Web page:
Editor's noteOpinion

Labour unrest a costly affair

IT APPEARS to be perfectly normal in South Africa that at some point during the year, rolling strike actions will happen.

What is worse is that the so-called strike season has become synonymous with being South African, more so that those involved see nothing wrong with it.

This week, Chamber of Mines negotiators are involved in urgent discussions to avert a potentially crippling wage strike on the gold mines by as many as 120 000 workers.

A strike in the car manufacturing sector has now entered its second week. News reports revealed thousands of construction and aviation workers would down tools.

Employers in the clothing and textile industry were also due to meet with union representatives to try to prevent a major strike. South African Airways announced it had put contingency measures in place to avoid service disruptions after technical staff members affiliated to the SA Transport and Allied Workers Union threatened to down tools on 26 August.

Granted, economic imbalances remain one of the biggest challenges facing workers, employers and government.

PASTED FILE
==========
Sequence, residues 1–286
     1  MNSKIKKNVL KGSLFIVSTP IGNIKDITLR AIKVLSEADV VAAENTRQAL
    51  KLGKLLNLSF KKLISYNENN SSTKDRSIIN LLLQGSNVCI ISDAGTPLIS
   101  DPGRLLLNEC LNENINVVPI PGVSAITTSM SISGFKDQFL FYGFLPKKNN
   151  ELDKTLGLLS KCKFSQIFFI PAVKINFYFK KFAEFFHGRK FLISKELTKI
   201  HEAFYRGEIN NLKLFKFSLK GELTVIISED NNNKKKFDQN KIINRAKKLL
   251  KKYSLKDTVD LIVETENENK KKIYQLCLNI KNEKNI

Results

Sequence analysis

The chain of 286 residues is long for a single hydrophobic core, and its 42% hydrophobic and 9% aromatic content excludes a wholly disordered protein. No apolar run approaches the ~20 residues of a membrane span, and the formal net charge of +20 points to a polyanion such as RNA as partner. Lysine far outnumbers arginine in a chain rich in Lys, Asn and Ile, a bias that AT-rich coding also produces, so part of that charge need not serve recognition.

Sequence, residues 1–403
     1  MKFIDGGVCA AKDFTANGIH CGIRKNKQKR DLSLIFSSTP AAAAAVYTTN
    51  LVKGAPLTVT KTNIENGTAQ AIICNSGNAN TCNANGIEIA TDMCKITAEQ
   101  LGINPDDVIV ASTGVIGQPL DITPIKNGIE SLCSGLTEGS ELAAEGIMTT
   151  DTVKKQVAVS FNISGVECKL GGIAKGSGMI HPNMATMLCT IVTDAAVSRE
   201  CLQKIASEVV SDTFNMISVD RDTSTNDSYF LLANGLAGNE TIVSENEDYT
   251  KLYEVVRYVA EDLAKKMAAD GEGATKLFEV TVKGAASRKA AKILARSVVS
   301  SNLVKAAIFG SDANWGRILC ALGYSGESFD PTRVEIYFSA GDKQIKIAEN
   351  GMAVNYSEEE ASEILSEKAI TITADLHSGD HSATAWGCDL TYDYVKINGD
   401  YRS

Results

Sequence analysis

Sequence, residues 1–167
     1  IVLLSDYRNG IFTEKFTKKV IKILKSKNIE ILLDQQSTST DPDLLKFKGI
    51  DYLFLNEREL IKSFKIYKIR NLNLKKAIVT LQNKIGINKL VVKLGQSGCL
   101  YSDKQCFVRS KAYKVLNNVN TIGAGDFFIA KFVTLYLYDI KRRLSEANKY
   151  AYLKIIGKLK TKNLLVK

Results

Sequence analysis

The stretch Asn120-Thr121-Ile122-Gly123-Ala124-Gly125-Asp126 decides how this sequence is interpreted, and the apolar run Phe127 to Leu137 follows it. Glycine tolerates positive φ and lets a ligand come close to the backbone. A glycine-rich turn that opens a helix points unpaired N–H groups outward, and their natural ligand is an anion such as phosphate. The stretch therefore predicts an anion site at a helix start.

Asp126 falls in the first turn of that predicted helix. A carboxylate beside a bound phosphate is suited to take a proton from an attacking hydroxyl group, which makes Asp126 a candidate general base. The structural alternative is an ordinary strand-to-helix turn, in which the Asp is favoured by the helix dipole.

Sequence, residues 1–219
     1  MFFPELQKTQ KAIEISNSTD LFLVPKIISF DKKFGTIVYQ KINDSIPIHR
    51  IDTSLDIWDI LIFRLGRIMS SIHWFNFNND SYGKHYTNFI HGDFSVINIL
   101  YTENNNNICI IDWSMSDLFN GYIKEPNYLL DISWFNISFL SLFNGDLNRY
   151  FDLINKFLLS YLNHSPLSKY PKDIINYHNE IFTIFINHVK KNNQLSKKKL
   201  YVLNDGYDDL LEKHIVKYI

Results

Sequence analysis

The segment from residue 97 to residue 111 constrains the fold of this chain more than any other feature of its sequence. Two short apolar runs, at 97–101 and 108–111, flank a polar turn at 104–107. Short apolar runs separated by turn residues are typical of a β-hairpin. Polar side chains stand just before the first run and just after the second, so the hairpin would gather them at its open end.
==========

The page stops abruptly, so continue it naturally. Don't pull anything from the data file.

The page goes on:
And of course, trade unions resort to strikes as a last measure in their disputes against employers.

But billions of rand are being lost each year as a result of the strikes. Lives have also being lost during strikes.

There has to be some understanding between trade unions and employers. Workers do not have to strike before employers realise the seriousness of the situation and return to the negotiating table.

In addition, government cannot turn a blind eye and dismiss strikes as a ‘family’ matter between employers and their workers.

The impact of strikes hits the economy as a whole and not just the union, its members, employers and the sector involved.

The very same economy that these parties strive to improve cannot be allowed to suffer. After all, it is not just employers, workers or government that will feel the pain, but the entire nation.

Parties involved should realise that the consequences of a strike could just outweigh the causes.

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